Every home should have one: A hi-fi system (and a beautiful friend with Kate Bush tickets)

Every home should have one: A hi-fi system (and a beautiful friend with Kate Bush tickets)

ladies-radio-2Lucky man that I am, I saw Kate Bush last week. Like most people, I didn’t get tickets, but out of the blue a very old friend called me and asked if I wanted to go. She was the singer in a band I was in during the early eighties. Back then she was a lot younger than me (getting older is nice because the differences in age don’t seem to matter so much) and she had a truly amazing voice, really really good. Every time I heard her sing I was just amazed, there was wildness to her voice, it could do the most amazing things, such power and such range. I wrote songs for her to sing and she’d take them and turn them so far beyond anything I could have imagined. The perfect person to go and see Kate with, and still very lovely.

cover art borrowed from discogs

Kate Bush was beyond wonderful. So far beyond, it’s hard to put into words. The Monday after, I stopped for a cup of tea with my concert-going friend to talk about the experience. She has a lovely house, much bigger than mine, it’s got lots of rooms and a beautiful conservatory. Maybe this is just me, but whenever I go to someone’s house I look for where the hi-fi would go, then I look for the hi-fi.  Most of the time there’s something to play music on somewhere, but here in this lovely house, with lots of space, I found myself looking in vain.

I use the term hi-fi in a very broad sense these days. For most people it means something to play music on, or connect their phone to, but here I can’t see anything, until finally, stuck on top of a dresser is one of the smallest and nastiest little systems I’ve seen. Radio 2 was muttering to itself, a little bit of noise in the background to break the silence, so muffled it’s all but unintelligible. I know that trick – the sound of an empty house isn’t always what you want. Every now and then it’s blissful, and I know utter silence is a complete luxury and that for more people than not, it’s something they hardly ever experience. But that was it! I couldn’t see anything else.  Here was this woman, still with a voice like a wild angel, a woman who I know loves music every bit as much as me, and that was it? – this crappy little thing was all she had to play music on. Everything else must have taken precedence: the house, the decking, the Audi.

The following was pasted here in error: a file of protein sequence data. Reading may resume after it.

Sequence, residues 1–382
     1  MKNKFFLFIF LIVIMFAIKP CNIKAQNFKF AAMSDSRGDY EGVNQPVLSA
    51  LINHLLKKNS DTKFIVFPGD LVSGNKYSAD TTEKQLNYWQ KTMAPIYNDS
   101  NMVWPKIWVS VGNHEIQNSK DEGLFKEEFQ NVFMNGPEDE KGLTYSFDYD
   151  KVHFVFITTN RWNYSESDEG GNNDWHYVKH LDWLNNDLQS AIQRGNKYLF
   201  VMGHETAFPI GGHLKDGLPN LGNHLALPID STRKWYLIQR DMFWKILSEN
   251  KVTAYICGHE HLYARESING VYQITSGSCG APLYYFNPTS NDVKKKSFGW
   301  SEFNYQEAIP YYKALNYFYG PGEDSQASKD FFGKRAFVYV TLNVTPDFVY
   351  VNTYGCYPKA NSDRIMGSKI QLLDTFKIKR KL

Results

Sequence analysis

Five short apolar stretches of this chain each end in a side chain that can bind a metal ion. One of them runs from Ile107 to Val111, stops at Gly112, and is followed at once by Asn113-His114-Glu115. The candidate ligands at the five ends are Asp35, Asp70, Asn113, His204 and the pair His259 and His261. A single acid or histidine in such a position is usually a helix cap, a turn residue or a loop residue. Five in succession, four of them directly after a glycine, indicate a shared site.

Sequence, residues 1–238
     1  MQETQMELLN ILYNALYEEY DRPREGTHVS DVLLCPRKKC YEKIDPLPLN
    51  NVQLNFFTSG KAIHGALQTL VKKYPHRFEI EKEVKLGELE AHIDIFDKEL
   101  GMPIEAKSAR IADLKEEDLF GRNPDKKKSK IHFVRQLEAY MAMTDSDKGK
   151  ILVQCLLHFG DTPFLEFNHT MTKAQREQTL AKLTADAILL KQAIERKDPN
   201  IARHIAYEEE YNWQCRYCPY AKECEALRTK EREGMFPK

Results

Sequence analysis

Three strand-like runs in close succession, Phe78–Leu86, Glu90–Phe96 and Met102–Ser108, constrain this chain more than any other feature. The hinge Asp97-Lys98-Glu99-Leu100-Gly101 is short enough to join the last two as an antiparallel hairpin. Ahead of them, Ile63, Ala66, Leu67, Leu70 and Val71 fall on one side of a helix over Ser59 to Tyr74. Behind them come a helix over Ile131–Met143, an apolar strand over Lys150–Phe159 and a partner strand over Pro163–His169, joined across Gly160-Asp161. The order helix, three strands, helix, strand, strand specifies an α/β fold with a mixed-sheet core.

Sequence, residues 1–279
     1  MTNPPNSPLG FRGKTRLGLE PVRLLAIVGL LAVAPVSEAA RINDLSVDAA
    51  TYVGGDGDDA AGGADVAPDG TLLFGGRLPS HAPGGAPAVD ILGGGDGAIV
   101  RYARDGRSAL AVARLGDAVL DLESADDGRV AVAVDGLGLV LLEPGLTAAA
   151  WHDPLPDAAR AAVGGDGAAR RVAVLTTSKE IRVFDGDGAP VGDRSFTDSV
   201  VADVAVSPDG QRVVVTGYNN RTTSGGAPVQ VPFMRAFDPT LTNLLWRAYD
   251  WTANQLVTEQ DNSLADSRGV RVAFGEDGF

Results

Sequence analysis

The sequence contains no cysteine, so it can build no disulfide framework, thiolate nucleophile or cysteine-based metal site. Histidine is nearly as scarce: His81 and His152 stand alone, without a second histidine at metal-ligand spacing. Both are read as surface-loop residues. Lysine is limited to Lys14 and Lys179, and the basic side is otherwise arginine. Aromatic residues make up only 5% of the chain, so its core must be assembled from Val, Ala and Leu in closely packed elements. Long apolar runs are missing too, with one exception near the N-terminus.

Nice, but where’s the stereo?

It’s a lovely house, it’s better (and bigger) than mine. But then it isn’t, because sometimes mine is full of utterly wonderful sound and music – and when it is, when a bass note from a grand piano rolls through the rooms like a wave, then it’s the seaside, and when the Tallis Scholars fill the room with complex and wonderful harmonies, it’s a walk in the countryside with the nicest of spring rains falling. It’s a cathedral. It’s a smoky bar with a tiny stage and a band playing far too loud for the space. It’s a field. It’s a room in someone else’s house. It’s a cave. It’s a forest. It’s the warmest, safest and full-of-love-places there is – or it’s dark, frightening and claustrophobic.

I know she loves music. I know how she gets when she isn’t singing and I know for sure that a system would be something she’d love and use all the time. Somehow though, it hasn’t entered her list of needs. Maybe it was CD, with its promise of perfect sound, maybe it was the way that hi-fi systems became commodified. Every shop with electrical in its title was selling systems – and with such great hype as well. Perfect sound forever!

What a shame. A hi-fi system, be it streaming or CD or vinyl, doesn’t have to cost a lot and the difference it makes to the way people listen to and enjoy music is so profound. Music makes your life better. A house full of the sound (and the physicality) of music is a very good house to be in.

So now all I have to do is to persuade my friend to buy a CD player, an amplifier and a set of speakers, along with the best cables she can afford. It will add so much to her life – and in truth, to everyone’s life.

Lots of you know that a good system doesn’t have to cost a fortune and lots of you know how much pleasure it’s bought you. This is a good time to start telling your friends!  Nigel Finn


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commodified friend frightening hi-fi system house kate bush lovely music pleasure voice


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